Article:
The New York-based money manager is in its fourth straight year of widening its share lead in the exchange traded fund market and holding Vanguard at bay -- despite charging average fees that are several times higher than those at the Malvern, Pa.-based investment company.
BlackRock has executed an improbably fast and effective check of the Vanguard advance by offering deep-discount prices with similarly low-priced offerings. See: Vanguard and BlackRock slash prices at Christmastime but only Vanguard feels the need to defend its actions.
In 2016, the New York-based money manager of $5 trillion generated a market-leading 32% of annual sales compared with Vanguard’s 29%, according to a research note by Ken Worthington of J.P. Morgan Chase. BlackRock's four-year edge over the indexing king comes after a dozen years of squandering market lead.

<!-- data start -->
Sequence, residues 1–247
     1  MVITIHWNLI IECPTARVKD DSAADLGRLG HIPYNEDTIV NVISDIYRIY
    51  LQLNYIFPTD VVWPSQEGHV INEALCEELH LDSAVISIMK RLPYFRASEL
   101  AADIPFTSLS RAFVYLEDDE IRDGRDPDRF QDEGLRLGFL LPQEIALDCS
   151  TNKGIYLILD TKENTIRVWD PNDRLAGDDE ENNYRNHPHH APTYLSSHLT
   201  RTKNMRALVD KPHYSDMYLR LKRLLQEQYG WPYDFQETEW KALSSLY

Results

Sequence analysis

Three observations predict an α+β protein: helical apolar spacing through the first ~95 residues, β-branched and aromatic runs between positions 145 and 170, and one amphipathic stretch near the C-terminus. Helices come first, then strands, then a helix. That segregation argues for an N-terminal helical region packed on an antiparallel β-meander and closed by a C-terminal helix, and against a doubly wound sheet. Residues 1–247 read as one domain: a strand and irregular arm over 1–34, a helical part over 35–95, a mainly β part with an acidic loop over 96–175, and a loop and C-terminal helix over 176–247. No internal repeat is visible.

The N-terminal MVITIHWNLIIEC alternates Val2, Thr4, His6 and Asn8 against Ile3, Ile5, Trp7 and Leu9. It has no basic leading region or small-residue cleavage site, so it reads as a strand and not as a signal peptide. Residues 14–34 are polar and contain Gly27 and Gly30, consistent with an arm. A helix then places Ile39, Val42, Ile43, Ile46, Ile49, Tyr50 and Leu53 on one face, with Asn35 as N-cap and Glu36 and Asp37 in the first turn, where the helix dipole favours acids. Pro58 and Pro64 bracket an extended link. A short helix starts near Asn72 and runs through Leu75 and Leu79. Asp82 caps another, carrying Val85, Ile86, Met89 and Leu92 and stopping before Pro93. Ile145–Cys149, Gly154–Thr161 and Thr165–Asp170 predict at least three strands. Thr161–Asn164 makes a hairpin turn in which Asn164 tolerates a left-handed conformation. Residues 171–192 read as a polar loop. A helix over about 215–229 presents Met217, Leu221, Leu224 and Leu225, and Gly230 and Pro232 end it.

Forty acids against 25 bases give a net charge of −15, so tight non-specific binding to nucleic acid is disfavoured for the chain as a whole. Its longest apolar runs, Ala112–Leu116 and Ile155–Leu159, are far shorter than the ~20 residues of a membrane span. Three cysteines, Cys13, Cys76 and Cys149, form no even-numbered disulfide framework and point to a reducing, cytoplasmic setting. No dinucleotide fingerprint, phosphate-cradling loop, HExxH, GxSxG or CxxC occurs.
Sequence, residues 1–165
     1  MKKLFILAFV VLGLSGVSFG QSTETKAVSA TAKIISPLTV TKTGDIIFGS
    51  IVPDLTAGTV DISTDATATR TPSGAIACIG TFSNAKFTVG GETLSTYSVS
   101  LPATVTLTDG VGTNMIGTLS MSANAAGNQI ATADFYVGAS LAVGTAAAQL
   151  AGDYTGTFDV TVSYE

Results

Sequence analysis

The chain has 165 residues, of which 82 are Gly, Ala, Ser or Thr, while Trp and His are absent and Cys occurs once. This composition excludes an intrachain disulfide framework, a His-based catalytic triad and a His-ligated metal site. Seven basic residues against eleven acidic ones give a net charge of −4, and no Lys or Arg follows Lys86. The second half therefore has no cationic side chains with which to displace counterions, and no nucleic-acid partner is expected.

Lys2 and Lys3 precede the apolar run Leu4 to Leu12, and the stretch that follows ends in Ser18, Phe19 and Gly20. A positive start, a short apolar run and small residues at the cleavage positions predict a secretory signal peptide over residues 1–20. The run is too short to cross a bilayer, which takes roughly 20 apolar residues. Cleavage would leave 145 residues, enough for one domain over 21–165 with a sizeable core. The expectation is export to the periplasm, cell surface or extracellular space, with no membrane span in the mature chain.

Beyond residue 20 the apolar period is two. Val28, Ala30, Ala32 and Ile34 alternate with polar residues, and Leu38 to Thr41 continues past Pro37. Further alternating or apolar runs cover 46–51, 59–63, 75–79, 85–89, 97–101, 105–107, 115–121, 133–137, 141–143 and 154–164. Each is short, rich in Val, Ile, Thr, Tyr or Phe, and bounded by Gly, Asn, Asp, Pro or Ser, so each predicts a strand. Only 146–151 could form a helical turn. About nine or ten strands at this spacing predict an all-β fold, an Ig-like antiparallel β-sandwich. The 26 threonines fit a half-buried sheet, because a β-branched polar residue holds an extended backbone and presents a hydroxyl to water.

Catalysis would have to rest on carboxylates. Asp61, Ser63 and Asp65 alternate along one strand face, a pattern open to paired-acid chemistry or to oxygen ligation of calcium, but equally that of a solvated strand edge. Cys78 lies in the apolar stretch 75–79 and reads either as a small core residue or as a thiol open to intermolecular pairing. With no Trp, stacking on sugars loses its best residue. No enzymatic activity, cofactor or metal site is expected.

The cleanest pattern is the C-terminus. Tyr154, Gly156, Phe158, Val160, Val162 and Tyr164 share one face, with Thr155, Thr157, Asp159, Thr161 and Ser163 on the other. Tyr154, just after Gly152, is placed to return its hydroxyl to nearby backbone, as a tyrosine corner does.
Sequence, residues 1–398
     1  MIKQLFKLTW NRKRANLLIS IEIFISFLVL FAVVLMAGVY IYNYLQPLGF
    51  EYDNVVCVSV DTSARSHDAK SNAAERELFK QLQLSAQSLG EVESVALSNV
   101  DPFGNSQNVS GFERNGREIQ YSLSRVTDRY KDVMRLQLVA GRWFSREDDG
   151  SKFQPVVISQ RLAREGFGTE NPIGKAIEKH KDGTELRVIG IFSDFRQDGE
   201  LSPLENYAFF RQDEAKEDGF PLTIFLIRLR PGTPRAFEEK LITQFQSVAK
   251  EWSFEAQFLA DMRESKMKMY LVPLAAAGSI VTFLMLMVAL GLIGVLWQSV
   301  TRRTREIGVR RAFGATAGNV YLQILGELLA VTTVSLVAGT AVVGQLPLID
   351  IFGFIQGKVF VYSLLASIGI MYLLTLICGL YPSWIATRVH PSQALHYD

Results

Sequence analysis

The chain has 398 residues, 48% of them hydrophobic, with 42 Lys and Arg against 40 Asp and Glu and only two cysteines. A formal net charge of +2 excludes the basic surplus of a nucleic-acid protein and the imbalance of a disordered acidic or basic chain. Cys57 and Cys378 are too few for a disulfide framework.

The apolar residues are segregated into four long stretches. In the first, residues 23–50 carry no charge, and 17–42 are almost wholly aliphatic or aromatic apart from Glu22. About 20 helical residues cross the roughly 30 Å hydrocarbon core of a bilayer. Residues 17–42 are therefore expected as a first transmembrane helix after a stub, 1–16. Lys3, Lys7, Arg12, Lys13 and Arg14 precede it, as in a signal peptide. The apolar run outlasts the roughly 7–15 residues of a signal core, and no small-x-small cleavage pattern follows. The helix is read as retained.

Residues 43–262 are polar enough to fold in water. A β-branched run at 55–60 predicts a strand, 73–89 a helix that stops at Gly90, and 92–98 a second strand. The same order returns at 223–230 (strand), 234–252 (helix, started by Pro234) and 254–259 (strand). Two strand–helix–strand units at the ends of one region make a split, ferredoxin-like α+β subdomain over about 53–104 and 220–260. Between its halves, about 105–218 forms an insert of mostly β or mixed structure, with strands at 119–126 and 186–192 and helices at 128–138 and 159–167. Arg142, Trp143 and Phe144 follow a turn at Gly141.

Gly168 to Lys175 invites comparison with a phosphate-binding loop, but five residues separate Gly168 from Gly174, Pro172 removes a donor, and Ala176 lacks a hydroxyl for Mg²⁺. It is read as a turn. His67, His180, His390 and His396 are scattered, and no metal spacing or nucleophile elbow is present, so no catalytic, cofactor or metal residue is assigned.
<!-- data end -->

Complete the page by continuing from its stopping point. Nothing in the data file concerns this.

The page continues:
Not 'rocket science'
Branded unceremoniously as the “Core” ETF series and launched in October 2012, BlackRock claimed a 26% market share of ETF sales from 2012 to 2014. Vanguard had a 29% share, according to Worthington's research note. See: How BlackRock plans to grow iShares using advisors as one key.
Since then, market share advances reversed course.
"We're very excited that the strategy is successful," says Martin Small, head of US iShares at BlackRock. "This isn’t rocket science. We listened to clients, paid attention to how practices are changing. Clients are voting with their feet. Our year-to-date market share is 45% in net new flows."
"The [Core] BlackRock ETF’s," says Eric Balchunas, senior ETF analyst at Bloomberg Intelligence. They are, he says, the only thing “stopping Vanguard from total domination. BlackRock is in its fourth straight year of taking in more than Vanguard in ETF’s.”